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A 24-year-old man presented to the ED with pain after hitting his wrist on a table.

Five weeks earlier, he had fallen from his bicycle onto his outstretched hand injuring his wrist. He was examined at another hospital where radiographs were obtained and a wrist injury was diagnosed. He was immobilized in a splint and was told to follow-up with a hand surgeon, but he did not do so. The patient continued to have pain and limited mobility of his wrist and so following this minor injury, he decided to have it evaluated again.

On examination, there was tenderness of the volar surface of the wrist. Flexion of the wrist was limited to 10°. He also had limitation of flexion of his middle and ring fingers. Sensation of the hand was intact. Abduction and adduction of the fingers were normal.

  • There are four injuries in this patient.
  • How are wrist radiographs systematically interpreted?

Wrist injuries can be difficult to diagnose because of their complex anatomy and frequently subtle radiographic manifestations. This case illustrates the importance of a systematic approach to radiograph interpretation in which each of the radiographic signs of a fracture are sought: cortical interruption or deformity due to a fracture, alterations in skeletal alignment, and changes in adjacent soft tissues. The ABCS mnemonic works well for wrist radiographs—A is for adequacy and alignment,B is for bones (fracture lines), C is for cartilage (joint spaces), and S is for soft tissue changes (Table 1).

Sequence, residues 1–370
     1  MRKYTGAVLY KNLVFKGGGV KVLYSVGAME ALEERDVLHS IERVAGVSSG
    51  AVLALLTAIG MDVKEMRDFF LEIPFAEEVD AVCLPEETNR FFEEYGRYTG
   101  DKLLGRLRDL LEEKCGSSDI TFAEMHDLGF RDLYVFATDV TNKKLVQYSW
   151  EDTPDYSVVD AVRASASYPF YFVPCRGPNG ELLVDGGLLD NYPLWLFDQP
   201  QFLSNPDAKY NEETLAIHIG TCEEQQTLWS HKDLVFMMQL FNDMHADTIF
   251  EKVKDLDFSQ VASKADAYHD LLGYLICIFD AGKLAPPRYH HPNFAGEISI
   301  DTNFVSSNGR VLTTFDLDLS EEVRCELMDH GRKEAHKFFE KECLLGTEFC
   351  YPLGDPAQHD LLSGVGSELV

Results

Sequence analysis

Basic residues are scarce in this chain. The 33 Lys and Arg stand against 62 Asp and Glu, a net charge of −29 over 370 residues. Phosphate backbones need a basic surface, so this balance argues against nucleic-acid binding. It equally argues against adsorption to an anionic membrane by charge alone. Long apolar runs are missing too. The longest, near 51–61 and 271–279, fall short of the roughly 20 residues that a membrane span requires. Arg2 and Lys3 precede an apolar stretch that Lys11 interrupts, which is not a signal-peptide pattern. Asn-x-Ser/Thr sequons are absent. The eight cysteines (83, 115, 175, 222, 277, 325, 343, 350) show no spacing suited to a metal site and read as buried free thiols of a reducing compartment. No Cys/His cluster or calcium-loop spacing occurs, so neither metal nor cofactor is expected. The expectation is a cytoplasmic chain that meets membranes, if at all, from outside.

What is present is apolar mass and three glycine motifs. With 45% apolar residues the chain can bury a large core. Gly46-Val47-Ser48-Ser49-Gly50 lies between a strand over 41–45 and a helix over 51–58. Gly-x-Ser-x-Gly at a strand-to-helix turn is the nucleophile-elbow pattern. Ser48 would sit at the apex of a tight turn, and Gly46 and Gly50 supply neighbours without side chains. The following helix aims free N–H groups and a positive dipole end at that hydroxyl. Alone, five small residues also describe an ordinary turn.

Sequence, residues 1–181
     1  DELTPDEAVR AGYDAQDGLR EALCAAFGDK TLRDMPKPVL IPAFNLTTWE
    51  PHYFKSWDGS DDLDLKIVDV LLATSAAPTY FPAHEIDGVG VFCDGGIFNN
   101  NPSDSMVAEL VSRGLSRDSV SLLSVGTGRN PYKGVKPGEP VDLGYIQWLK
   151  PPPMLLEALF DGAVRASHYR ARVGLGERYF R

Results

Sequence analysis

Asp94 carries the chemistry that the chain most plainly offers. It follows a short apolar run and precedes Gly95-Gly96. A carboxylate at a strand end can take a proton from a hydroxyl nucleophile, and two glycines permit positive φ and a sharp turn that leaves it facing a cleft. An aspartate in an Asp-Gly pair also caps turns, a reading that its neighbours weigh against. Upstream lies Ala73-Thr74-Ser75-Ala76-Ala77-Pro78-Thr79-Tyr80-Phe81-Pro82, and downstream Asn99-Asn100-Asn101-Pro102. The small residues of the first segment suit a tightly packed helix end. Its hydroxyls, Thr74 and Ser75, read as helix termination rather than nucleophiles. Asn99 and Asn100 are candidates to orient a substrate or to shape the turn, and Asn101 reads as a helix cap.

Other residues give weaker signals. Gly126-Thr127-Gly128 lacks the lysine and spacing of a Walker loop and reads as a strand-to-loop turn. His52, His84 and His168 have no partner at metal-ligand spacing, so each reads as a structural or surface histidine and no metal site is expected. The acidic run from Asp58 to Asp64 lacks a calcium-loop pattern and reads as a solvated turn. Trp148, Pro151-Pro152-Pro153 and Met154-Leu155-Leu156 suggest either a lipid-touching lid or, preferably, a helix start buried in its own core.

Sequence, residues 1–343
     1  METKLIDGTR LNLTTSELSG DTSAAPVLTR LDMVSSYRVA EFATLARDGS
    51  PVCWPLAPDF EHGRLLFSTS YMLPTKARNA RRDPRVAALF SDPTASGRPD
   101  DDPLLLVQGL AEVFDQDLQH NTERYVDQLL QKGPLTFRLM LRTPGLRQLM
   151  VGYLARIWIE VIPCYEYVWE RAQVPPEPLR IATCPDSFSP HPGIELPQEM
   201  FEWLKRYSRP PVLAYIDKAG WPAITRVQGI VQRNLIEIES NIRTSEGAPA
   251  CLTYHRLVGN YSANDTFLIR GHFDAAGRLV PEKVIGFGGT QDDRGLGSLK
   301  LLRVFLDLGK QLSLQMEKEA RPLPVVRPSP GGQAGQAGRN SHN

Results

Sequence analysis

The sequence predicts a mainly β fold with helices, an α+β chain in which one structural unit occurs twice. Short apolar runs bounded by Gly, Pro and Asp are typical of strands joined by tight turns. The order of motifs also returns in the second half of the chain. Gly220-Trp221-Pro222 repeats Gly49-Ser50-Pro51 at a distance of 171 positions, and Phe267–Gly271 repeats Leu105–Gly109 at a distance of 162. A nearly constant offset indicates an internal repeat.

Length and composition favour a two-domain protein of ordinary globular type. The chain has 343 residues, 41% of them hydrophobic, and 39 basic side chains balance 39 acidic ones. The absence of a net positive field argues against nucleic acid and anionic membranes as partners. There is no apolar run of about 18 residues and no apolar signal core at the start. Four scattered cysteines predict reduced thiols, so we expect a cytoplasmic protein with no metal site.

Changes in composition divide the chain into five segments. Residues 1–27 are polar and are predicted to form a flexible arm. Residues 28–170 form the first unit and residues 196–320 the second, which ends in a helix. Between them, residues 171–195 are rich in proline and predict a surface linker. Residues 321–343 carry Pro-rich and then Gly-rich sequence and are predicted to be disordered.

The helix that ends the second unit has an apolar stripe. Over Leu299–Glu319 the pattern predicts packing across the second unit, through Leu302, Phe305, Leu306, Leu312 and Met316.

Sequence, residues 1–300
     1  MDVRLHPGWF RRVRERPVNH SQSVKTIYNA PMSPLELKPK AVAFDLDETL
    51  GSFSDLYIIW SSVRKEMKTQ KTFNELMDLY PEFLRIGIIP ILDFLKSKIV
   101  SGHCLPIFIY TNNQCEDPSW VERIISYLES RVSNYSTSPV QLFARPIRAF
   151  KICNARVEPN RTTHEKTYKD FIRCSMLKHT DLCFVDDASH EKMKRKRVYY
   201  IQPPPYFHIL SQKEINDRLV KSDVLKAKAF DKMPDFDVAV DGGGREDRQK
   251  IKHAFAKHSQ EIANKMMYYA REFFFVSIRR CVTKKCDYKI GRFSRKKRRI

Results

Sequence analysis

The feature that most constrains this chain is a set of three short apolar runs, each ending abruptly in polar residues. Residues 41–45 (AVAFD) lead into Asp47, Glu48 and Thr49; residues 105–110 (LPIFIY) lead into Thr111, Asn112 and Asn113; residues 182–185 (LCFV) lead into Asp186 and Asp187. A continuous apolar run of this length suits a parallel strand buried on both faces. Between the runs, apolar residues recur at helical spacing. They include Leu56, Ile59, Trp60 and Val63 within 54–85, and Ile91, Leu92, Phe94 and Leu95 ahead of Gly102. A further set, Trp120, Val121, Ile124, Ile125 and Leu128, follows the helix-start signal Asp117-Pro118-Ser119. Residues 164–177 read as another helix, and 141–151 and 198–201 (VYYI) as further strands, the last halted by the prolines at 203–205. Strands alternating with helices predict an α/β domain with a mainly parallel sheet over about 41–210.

Table 1 Systematic Analysis of Wrist Radiographs—the ABCs There Are Two Regions of Injury: The Carpals and the Distal Radius

Efficient and accurate radiograph interpretation also entails a targeted approach, looking for commoninjury patterns and injuries that can easily be missed. One of the common wrist injury patterns is illustrated in this case.

The three standard radiographs of the wrist are the PA, lateral, and pronation oblique views (Figures 2, 3, and ...

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